“When we started planning for mobile app functionality on SYNC, we knew we had to think and act with the “˜start-up” mentality,” said K. Venkatesh Prasad, technical leader, Ford research and advanced engineering. “The explosive growth in apps comes from community-created development, software geeks chatting about code on social media sites, open collaboration. That”s the genesis of app innovation, and that”s the spirit we wanted to capture for SYNC.”

Back to school
To gain outside perspective on the app marketplace, Ford turned to the nearby University of Michigan-Dearborn campus. There the company enlisted the help of six computer science students, working with their professors to devise an extracurricular project that would net the young programmers invaluable real-world experience.

The initial task: winnowing the roughly 100,000 active App Store apps down to those that would be relevant for in-car use. The young developers would then be asked to modify the software to work with SYNC, using the vehicle buttons, displays and voice prompts to control the mobile app. And they had three months during which to work.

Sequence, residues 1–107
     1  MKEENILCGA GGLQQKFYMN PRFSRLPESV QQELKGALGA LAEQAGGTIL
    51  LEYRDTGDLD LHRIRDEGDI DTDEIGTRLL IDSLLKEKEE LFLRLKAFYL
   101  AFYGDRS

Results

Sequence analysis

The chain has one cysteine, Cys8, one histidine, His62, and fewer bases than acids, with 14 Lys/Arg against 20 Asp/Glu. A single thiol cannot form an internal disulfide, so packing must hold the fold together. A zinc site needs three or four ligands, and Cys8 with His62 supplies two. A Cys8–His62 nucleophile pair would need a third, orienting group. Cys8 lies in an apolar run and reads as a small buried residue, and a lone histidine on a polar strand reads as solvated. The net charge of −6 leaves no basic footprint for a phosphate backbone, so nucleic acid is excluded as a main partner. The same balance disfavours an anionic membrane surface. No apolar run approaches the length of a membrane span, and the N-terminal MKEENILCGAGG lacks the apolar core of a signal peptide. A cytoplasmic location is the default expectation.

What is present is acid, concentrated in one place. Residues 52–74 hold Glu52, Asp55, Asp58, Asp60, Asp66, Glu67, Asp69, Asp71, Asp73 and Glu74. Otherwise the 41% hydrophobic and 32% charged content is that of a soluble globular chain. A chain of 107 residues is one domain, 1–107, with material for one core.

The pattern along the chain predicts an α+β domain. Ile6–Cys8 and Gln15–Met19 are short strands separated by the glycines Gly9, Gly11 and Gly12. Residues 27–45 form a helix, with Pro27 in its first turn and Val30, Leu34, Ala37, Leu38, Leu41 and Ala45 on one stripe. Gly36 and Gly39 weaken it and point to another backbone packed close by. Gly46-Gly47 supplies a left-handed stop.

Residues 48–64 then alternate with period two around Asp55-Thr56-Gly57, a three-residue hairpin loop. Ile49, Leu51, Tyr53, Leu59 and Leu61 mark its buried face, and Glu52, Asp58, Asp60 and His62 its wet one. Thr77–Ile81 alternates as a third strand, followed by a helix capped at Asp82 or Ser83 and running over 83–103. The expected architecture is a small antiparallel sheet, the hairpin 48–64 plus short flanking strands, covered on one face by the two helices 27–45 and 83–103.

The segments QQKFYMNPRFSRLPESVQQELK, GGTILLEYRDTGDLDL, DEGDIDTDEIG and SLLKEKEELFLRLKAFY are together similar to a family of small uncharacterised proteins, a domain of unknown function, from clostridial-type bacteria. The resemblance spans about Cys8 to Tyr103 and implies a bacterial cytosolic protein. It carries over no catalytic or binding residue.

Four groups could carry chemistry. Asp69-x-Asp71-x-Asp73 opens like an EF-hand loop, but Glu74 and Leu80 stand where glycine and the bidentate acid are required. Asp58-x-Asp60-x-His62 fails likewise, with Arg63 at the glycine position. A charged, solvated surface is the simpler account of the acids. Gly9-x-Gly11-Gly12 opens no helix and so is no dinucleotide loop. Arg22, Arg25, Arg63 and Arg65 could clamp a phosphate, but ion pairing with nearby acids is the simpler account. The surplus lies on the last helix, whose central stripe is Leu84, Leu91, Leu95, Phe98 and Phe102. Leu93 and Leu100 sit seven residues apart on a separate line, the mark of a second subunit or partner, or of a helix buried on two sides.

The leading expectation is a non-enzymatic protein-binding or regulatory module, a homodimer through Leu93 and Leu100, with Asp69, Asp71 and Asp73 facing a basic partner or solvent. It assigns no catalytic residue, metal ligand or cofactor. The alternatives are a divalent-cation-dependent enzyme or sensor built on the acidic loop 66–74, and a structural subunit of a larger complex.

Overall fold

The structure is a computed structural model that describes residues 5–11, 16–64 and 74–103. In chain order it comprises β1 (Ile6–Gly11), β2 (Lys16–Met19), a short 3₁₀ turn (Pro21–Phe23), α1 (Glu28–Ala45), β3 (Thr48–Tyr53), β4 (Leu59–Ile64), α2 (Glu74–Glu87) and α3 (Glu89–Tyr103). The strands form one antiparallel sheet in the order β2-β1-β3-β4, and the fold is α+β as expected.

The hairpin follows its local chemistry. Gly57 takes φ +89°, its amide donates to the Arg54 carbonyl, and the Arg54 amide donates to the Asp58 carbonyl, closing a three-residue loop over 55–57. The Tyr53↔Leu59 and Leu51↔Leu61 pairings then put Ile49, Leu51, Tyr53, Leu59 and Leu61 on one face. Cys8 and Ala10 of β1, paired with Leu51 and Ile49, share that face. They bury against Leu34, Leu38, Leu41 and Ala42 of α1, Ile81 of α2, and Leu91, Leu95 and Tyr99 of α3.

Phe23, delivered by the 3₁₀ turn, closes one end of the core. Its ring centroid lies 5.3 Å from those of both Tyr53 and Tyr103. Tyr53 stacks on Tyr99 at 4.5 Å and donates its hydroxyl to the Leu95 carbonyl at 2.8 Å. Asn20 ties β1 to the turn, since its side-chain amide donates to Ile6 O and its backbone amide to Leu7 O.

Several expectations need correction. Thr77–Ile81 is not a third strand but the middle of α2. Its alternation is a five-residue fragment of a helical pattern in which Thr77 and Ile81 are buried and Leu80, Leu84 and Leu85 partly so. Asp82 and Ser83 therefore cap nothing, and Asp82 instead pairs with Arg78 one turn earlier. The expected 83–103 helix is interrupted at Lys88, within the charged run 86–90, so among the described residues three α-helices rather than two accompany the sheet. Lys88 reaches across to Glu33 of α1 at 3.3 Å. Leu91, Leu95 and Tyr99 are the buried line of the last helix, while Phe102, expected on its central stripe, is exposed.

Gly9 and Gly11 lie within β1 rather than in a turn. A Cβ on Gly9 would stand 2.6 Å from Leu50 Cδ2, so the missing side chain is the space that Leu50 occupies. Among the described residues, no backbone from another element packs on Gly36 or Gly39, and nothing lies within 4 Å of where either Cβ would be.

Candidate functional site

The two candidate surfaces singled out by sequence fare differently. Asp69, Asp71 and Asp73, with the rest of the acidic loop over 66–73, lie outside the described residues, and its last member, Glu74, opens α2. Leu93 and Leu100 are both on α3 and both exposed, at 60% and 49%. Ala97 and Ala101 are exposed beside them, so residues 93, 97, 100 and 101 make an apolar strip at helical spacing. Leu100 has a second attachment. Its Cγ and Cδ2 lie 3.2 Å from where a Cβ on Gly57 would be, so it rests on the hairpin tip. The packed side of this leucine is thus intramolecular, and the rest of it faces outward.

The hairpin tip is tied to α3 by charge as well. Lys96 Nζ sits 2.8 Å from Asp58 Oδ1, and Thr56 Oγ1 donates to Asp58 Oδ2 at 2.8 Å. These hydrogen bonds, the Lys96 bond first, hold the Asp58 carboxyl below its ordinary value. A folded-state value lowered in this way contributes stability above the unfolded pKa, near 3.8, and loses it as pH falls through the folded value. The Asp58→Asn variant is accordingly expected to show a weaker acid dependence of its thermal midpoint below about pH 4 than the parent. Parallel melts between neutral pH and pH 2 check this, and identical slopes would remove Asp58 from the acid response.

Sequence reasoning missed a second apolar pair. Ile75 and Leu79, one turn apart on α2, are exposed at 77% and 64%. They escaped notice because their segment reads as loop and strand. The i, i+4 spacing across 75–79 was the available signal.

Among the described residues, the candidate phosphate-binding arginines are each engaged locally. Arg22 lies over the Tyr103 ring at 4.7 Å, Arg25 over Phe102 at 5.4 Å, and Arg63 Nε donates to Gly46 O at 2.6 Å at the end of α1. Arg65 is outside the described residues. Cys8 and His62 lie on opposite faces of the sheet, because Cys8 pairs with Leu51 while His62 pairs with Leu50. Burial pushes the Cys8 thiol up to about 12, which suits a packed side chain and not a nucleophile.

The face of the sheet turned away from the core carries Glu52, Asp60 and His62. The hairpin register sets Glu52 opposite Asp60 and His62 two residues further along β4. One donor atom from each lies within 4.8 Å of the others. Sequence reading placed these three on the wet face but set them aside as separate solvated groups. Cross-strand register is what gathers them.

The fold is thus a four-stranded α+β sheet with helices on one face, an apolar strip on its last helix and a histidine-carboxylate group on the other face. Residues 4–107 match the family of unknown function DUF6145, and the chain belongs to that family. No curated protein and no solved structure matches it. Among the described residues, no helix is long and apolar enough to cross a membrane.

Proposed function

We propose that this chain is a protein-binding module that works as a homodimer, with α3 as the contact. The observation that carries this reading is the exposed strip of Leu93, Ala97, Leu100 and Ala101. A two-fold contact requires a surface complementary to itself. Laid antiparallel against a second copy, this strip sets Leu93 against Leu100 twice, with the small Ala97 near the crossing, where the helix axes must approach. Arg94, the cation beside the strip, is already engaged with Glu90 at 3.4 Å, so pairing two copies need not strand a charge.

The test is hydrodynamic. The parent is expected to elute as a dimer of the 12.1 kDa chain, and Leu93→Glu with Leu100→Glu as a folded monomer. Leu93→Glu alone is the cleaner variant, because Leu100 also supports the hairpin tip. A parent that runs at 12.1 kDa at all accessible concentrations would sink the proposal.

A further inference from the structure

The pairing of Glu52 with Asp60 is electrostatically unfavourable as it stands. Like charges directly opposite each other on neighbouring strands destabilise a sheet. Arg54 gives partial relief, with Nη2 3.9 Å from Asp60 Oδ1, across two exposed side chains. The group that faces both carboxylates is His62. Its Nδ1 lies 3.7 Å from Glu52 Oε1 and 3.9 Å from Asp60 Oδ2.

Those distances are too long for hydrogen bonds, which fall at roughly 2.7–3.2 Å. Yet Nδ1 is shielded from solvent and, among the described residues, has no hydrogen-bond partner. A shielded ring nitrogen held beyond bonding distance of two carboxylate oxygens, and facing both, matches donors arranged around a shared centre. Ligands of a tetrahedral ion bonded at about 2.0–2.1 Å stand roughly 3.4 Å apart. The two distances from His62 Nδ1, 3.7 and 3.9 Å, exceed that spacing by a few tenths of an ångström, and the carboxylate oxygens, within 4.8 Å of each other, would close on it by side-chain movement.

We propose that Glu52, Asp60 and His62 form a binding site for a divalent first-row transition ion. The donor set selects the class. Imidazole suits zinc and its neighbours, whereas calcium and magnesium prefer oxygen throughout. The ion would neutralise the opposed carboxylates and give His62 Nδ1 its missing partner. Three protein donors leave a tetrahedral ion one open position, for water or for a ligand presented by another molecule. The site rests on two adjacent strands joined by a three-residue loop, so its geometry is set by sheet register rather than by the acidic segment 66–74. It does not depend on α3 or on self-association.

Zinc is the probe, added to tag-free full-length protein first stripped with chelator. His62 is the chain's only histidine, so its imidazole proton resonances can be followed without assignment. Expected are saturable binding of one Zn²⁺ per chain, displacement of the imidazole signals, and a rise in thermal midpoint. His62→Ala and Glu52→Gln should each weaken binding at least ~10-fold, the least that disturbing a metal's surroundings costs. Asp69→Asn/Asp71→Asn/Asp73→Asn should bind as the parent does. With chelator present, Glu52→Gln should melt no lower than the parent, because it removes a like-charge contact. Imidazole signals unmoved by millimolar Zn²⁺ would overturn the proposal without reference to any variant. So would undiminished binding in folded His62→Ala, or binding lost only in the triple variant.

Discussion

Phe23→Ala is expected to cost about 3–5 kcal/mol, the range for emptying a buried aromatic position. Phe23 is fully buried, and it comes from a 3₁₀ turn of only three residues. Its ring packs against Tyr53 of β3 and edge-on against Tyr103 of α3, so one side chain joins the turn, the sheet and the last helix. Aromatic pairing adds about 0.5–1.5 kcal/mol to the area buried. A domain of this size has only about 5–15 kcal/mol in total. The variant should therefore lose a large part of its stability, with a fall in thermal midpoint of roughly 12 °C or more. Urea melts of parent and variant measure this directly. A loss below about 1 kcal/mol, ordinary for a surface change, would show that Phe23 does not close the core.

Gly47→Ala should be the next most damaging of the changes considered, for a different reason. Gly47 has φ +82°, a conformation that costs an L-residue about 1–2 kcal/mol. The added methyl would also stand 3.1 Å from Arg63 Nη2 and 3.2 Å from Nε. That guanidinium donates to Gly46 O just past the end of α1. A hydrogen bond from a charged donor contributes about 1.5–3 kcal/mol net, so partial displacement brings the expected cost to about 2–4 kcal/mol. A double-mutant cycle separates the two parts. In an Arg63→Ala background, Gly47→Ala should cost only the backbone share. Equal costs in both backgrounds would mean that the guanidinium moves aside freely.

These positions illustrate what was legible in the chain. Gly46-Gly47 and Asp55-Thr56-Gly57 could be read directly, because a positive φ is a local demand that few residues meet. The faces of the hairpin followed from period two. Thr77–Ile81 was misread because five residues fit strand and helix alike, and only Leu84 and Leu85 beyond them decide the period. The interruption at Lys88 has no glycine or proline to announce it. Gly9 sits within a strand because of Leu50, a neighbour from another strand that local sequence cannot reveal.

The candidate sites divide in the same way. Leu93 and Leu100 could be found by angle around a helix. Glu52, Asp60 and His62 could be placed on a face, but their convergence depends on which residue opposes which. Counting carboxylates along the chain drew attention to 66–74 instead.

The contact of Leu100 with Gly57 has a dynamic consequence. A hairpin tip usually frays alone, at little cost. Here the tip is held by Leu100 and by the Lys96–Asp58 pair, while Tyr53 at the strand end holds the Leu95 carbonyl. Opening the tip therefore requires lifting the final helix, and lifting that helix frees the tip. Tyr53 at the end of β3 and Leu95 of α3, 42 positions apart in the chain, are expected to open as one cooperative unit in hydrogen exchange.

To gain access to the SYNC API in development, the students were required to sign the first SYNC Developers” License, in effect making them the only six licensed SYNC developers in the world. Not only were the agreements drafted in a remarkably short time, but they marked an unprecedented release of proprietary technology by an automaker into the open source community.

“Basically, Ford knew that to provide the most value for its SYNC users and customers, the company had to let go of the reins a little bit,” explains Prasad. “If you give the open source community the opportunity, they”ll almost always do the right thing. For us to do the right thing, we had to trust this open development model in a way that”s not easy for a large company to do.”

Research, rewriting and restarting
Once the students had narrowed down the available apps to those useful to drivers, the next hurdle was gaining access to the source code behind the apps. Legal restrictions, extensive developer agreements and the short timeline soon forced a reality check: None of the readily available open-source software was applicable to the in-vehicle scenario. So the students decided to scrap the initial plan to modify an existing app, and instead collaborate on their own applications for SYNC ““ built from scratch.

Ford developers had already been working on an API, internally referred to as “SYNCLink,” allowing connectivity between mobile device applications and the vehicle interface. This API permitted access to the automotive interface ““ buttons, voice prompts and vehicle displays ““ that would be needed to make the software work.